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Thursday, 31 October 2013

Rights, privileges and responsibilities: Sorting out which is which around teenagers and parties

Parents want nothing more than to give their child the best life they can - the phrase I hear more than any other is "I want them to have so much more than I ever did." I'm sure that this does not necessarily mean that the parent concerned had a 'bad life' or that their parents didn't try to do the best for them, it's just part of the human condition to simply 'want more'. We live in a material world dominated by social media where it's incredibly important to have the most up-to-date smartphone, the biggest plasma television currently available and whatever other electrical appliance is all the range at that time. Where once these sort of things were something an adolescent earned and were viewed as 'privileges', many young people (and surprisingly some of their parents) now regard them as their 'right' and as a result, in my opinion, we are seeing some pretty concerning shifts in parent-child relationships.

The important thing to remember about 'privileges' is that they come with a range of 'responsibilities' - certain things one has to do to earn what you want and also to keep it. Sometimes these can come in the form of  'rules' but they can just as easily be some basic expectations that are attached to the privilege that an adolescent has been given.

Late last year a US mum, Janell Burley Hofmann, made headlines across the world when she gave her 13 year old son Greg an iPhone for Christmas, along with an 18 point contract that he had to sign before he received it! The contract began as follows:

Dear Greg

Merry Christmas! You are now the proud owner of an iPhone. Hot Damn! You are a good & responsible 13 year old boy and you deserve this gift. But with the acceptance of this present comes rules and regulations. Please read through the following contract. I hope that you understand it is my job to raise you into a well rounded, healthy young man that can function in the world and coexist with technology, not be ruled by it. Failure to comply with the following list will result in termination of your iPhone ownership.

You can find the whole list of rules on Janell's website and there is a great YouTube video featuring both mum and son being interviewed on the topic which is great, if for nothing else just watching Greg's response to how he felt when he received the contract! There is an element of tongue-in-cheek in some of the contract items but essentially what the mother is trying to instil in her son is the whole idea of responsibilities accompanying a privilege, or as she so beautifully puts it - "with the acceptance of this present comes rules and regulations."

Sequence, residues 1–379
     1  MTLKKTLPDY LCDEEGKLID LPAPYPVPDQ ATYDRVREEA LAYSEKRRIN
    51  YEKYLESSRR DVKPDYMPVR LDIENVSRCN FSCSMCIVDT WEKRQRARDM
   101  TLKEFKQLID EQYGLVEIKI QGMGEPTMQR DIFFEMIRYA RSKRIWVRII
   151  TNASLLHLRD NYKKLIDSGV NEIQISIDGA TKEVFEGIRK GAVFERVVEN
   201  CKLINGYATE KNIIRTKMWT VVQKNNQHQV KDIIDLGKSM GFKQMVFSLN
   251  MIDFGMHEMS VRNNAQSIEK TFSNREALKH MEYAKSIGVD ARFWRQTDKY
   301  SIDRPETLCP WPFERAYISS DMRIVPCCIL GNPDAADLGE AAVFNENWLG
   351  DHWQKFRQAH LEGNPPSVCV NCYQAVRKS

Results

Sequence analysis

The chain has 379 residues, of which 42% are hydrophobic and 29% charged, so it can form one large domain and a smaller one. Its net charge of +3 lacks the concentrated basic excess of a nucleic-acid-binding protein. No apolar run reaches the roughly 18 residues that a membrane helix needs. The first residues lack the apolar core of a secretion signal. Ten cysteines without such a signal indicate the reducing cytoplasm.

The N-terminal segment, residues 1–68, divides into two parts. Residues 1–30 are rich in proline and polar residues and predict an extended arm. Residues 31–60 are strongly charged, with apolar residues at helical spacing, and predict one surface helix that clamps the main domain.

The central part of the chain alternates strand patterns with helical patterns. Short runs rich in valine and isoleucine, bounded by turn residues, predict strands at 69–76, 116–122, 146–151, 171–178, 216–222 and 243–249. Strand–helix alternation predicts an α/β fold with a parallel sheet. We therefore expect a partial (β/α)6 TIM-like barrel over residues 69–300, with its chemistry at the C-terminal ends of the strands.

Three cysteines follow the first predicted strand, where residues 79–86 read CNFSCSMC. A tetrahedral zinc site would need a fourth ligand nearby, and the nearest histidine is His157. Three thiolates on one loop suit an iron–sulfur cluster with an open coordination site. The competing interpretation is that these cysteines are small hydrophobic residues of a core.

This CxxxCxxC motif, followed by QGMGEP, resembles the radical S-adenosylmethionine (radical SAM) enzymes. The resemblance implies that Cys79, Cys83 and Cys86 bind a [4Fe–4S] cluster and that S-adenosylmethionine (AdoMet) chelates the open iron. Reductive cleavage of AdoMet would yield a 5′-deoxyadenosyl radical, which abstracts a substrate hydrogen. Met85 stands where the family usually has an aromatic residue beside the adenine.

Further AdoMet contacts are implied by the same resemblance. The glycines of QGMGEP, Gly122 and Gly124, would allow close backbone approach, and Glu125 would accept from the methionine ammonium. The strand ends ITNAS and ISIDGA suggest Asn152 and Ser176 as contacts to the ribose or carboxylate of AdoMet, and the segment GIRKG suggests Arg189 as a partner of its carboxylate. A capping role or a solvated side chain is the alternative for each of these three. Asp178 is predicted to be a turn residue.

More and more I am meeting parents who are starting to buckle under pressure to regard items such as smartphones and computers, as well as attendance at teenage parties on a Saturday night, as their teen's right and, unfortunately, no longer see them as a privilege. When this happens a seismic shift in the parent-child relationship occurs, particularly if it happens early in adolescence. It's no surprise that a teen believes it is their right to have the best smartphone available, but it becomes a major problem when their parent starts believing that this is the case. Of course you want the best for your child, but you also want them to have some basic values and appreciate what they have - if they get given everything and they believe that it is their right to have these things they're going to experience some pretty upsetting times in the future (that is, unless you continue to give everything their little heart desires into the future ... what a terrifying thought!).

Giving them everything they want without question also alters the way your child sees you - you may be the parent who put on the big party where alcohol was tolerated and see yourself as your son's or daughter's best friend, but sooner or later that teen is going to want and need a parent. They will need a person who sets boundaries and rules, who provides direction and support - in the short term, being a best friend who gives them what they want may seem like a great way to go, but in the long term, it is the parent who wins out!

When it comes to attending a party (or gathering) on a Saturday night, my views on the topic are simple - I believe that young people should go to teenage parties - that is where they learn to socialise but they should only go when their parent knows as much about the event as possible. When a 15 year old starts talking about their right to attend they need to be reminded that going to a party is a privilege and there will be certain responsibilities that they will need to accept and follow that accompany their attendance.

I am not for one minute suggesting that all parents start developing contracts around all adolescent behaviour, particularly teenage parties (although I have been involved with some families where this has proven to be extremely useful), but it is extremely important that adolescents appreciate that going out on a Saturday night is a privilege, it is certainly not their right. It is also vital that they understand that it is a privilege that can be taken away from them should certain responsibilities not be met. These responsibilities (rules or expectations, whatever you want to call them) should be decided on by parents and teen together (top-down rules dictated by parents never work - this doesn't mean your child makes the rules but meeting in the middle is often the best way to achieve a positive outcome) and of course, good behaviour should always be rewarded.